Of all the things we never expected to find ourselves doing, providing policy guidance to the Federal Reserve is probably at the top of the list.
That's all the more unexpected because we've never had any contact with any official at any level of any branch of the U.S.' central banking institution.
And yet, if you listen to the things that a number of the Fed's most influential officials have been saying, you'll find our fingerprints all over them.
It all begins with some key observations and insights we've offered over the years. On that count, our having quantified how the action of investors collectively shifting their forward looking focus from one discrete point of time in the future to another point of time in the future can influence otherwise inexplicable changes in stock prices is likely our major contribution, followed by our observation that the Fed was using stock prices to assess the effectiveness of its monetary policies.
Those two things together allowed us to identify and quantify mistakes made by top Fed officials as they attempted to provide forward guidance to markets. And that, in turn, allowed us to describe how they could repair the damage and more effectively use forward guidance as a monetary policy tool by emphasizing the timing of when the Fed will implement changes using its more traditional arsenal of tools.
The Fed was listening. Now they're applying the lessons they've gleaned from our observations and suggestions.
Over the last several weeks, we've been observing, with increasing frequency, the statements of highly influential Fed officials who have gone out of their way to set the expectation that the Fed will begin hiking short term interest rates above its current 0-to-0.25% level by the end of the second quarter of 2015.
And we know that forward guidance has been effective because of the trajectory that U.S. stock prices has taken during these last several weeks, which becomes even more clear after our simple adjustments to account for the past volatility of U.S. stock prices, which we use as the base reference points from which we can otherwise project future stock prices within a relatively narrow range of noise.
Provided, of course, that we know just how far investors are peering into the future when they make their investment decisions today, which is why we show each of the likely trajectories for investors focused on any of the next four quarters ending in the future. And that's where the Fed's forward guidance efforts come into play, because the Fed's outsized ability to affect interest rates can affect how far forward in time investors look from the present, which then tells us which future trajectory to follow. At least while investors aren't distracted by the alternative futures.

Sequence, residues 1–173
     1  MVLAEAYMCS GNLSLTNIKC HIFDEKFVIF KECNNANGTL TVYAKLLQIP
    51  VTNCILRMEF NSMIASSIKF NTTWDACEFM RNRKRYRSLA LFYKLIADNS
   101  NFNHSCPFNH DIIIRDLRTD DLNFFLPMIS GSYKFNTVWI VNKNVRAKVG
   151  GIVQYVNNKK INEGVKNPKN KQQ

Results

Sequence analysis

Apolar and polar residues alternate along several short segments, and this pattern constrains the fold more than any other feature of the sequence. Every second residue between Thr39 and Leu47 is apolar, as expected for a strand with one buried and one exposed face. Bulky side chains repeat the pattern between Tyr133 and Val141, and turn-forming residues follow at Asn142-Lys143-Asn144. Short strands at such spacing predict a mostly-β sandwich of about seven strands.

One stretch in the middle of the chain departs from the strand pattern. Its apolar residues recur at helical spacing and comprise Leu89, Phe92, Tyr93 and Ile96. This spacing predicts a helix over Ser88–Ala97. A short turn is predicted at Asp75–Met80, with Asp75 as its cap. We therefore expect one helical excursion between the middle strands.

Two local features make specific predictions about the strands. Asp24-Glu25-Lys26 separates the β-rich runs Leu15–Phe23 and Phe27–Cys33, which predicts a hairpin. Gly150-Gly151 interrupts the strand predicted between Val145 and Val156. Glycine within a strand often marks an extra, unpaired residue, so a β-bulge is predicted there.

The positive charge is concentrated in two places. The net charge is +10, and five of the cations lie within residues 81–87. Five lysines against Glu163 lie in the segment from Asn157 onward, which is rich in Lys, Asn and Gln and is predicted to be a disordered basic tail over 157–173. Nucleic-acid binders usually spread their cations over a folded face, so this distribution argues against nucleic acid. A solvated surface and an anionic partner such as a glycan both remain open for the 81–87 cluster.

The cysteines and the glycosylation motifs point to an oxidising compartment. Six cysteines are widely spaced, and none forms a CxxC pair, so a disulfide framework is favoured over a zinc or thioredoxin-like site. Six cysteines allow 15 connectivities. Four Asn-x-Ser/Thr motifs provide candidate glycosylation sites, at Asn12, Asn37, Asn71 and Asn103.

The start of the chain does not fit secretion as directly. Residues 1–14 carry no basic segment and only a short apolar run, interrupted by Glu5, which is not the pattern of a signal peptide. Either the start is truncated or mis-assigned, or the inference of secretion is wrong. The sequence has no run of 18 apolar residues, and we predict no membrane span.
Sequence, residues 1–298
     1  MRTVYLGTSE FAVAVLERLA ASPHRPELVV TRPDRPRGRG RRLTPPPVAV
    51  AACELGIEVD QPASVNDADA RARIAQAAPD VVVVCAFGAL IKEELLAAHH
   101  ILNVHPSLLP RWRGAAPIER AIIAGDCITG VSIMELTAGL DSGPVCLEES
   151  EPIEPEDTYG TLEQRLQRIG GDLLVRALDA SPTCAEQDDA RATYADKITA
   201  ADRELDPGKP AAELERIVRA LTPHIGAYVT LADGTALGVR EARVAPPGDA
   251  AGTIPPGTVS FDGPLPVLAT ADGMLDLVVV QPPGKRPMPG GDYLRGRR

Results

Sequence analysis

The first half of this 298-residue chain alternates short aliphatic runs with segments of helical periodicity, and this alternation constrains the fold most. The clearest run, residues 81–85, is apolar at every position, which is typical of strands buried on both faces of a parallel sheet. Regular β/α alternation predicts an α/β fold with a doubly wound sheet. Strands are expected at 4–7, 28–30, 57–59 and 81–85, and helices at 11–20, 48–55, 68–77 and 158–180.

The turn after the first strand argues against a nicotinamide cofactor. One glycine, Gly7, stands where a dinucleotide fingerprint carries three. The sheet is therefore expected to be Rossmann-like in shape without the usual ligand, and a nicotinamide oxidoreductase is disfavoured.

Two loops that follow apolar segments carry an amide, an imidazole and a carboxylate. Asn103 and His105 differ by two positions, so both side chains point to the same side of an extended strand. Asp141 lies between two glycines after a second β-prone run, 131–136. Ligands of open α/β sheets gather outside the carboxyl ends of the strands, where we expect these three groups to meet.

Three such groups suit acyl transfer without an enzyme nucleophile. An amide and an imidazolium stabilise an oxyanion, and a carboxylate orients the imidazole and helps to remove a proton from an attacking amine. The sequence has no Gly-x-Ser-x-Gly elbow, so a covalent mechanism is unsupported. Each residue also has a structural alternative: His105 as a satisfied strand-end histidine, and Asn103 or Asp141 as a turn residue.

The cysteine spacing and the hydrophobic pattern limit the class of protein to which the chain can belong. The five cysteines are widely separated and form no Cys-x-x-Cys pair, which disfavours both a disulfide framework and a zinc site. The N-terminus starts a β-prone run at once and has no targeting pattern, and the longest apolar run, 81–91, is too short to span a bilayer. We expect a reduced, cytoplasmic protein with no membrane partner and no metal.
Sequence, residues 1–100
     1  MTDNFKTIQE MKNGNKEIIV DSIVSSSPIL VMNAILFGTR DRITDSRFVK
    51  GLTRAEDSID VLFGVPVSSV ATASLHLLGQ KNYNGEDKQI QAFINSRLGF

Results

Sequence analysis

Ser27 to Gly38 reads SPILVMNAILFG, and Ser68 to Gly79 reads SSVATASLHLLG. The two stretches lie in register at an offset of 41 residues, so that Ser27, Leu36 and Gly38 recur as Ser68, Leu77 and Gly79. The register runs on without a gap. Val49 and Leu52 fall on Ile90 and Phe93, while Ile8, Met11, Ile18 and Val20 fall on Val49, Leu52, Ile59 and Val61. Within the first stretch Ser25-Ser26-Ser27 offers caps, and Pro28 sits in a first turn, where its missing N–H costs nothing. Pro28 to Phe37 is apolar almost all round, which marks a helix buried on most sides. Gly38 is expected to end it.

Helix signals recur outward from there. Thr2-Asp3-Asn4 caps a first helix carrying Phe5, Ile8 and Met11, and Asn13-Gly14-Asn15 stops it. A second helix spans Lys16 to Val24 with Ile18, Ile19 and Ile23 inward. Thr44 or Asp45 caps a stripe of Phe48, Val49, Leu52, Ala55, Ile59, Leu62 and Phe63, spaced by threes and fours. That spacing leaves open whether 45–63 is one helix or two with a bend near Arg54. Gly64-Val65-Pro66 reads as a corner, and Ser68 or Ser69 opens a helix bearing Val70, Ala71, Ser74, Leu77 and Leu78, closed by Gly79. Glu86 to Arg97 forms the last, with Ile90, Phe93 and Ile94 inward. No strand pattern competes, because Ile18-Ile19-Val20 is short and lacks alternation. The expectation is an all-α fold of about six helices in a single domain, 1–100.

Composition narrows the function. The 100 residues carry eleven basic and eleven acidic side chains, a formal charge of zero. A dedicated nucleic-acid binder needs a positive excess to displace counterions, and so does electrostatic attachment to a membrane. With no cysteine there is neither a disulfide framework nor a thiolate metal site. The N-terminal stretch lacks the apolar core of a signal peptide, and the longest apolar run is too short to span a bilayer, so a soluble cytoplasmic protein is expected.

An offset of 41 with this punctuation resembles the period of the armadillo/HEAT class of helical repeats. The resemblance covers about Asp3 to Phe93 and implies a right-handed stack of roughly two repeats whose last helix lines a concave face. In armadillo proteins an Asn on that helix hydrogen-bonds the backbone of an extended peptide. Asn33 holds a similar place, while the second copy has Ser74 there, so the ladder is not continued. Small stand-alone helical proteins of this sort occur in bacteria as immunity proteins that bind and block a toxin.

The way that works is that when the Fed says it is going to do something by the end of a certain time period, investors will adapt their investments to be consistent with the expectations for the investment returns that associated with that period of time in the future. We can then tell from the actual trajectory that stock prices follow how tightly investors have set their forward looking focus on the quarter that coincides with the anticipate action on the part of the Fed.
That's the way in which the Fed's forward guidance has been shaped and made more effective, even at the so-called lower zero bound, by our insights and what the Fed has absorbed from our guidance of how to better employ this tool. As long as the Fed's action is considered to be credible given the current state of economic affairs, the Fed can use the model we've developed of how stock prices work as a means of assessing the degree to which markets have bought in to the Fed's preferred policies.
Here, the greater the deviation from the projected trajectory associated with the future point of time to which the Fed has directed investors, the more statements or actions using the other tools the Fed has available to it will be needed to bolster the credibility of its preferred policy. If the gap can't be closed after all that, that provides the indication the Fed needs that it should pursue a different, and more credible, policy.
The best part? It doesn't matter if you've never heard of us or even believe any of what we've just described is possible. It is the way the world works, whether you like it, understand it, or not.
As for what good this does, if you happen to be an investor or just someone who needed more economic stability before you could justify proceeding with plans to expand your business or investments in today's world, you've benefited from the Fed's more effective implementation of its forward guidance policy. As for us and our role in providing guidance to the Fed in implementing those forward guidance policies since mid-2013, you're welcome.